From cave paintings to poo emoji, humans have a strong emotional connection between ideas and pictures. EMarketer projects that more than a quarter of the world’s population will use consumer messaging apps by 2019 and a whole lot of people are enhancing their conversations with stickers. While thousands of stickers are available across multiple platforms, marketers are joining the conversation with branded images to share.
It should first be noted that stickers are not emoji. While emoji (those little, yellow faces and small icons) are a great way to express ideas, stickers are generally more versatile in their use. Representing characters and situations more than facial expressions alone, stickers can be added to message threads, placed on top of text, over other stickers and on top of photos. They can even be “peeled” and reused within a conversation. As with their emoji cousins, the sticker phenomenon got its start in Japan before catching on across the world.
Films are a natural choice for branded stickers and Dreamworks was the first to offer them on Facebook Messenger for Despicable Me 2. Since then, messages within the platform can be embellished with stickers from The Muppets, Lego Batman, Pixar movies and more. On Apple’s iMessage platform, fans can share stickers for Beauty and the Beast, Power Rangers and La La Land just to name a few.
Beauty and fashion are a popular theme among branded stickers, as well. Brands getting in on the action include (but are definitely not limited to) Sephora, Coach, L’Oréal, Dove and Nike.
Hungry? Dunkin’ Donuts, McDonald’s, Coca-Cola and Burger King offer sticker packs for iMessage among others, for those times when only food will illustrate what’s on your mind.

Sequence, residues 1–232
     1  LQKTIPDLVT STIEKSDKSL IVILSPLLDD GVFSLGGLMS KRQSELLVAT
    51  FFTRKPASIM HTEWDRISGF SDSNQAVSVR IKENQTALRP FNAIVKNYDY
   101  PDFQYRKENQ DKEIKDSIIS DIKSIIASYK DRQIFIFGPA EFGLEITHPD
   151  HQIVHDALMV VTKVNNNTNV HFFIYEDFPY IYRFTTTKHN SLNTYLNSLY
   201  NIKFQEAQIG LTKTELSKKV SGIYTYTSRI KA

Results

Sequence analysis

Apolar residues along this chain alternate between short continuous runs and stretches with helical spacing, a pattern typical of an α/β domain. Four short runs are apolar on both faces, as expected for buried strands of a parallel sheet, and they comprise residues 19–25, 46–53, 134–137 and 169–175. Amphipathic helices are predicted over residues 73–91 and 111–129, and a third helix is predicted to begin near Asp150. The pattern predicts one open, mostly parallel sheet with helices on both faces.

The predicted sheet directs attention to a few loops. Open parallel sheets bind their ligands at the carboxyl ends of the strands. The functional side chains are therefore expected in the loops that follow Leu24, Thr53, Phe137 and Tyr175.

A 2013 study by OnData found that 35 percent of US smartphone users added stickers daily to chat conversations and 74 percent had used them before. At 43 percent, Indonesia used stickers the most on a daily basis, while Brazil used them the least at 24 percent. WhatsApp was a top choice for many regions in the study, which has since been acquired by Facebook.
Earlier this month, Giphy announced that it wants to make it easier for artists to create animated sticker apps for the iMessage App Store. The company launched 12 stickers apps, each featuring animated sticker designs from a different artist. Each app costs 99 cents, with all proceeds going to the artist. Giphy also quietly acquired Imoji, TechCrunch reported, a startup that had developed a popular platform for creators to build and distribute custom-made stickers and emoji to the messaging masses.
Before you get the idea of marketing with stickers, consider this—Japanese mobile messaging app Line brings in more than $20 million per month selling sticker packs, which typically trade for one to two dollars for sets of 12-to-18, according to data from the company.
Although Apple has yet to release any sticker-related data, the company reports that over 76 percent of active iOS devices have switched over to iOS 10, which now offers stickers.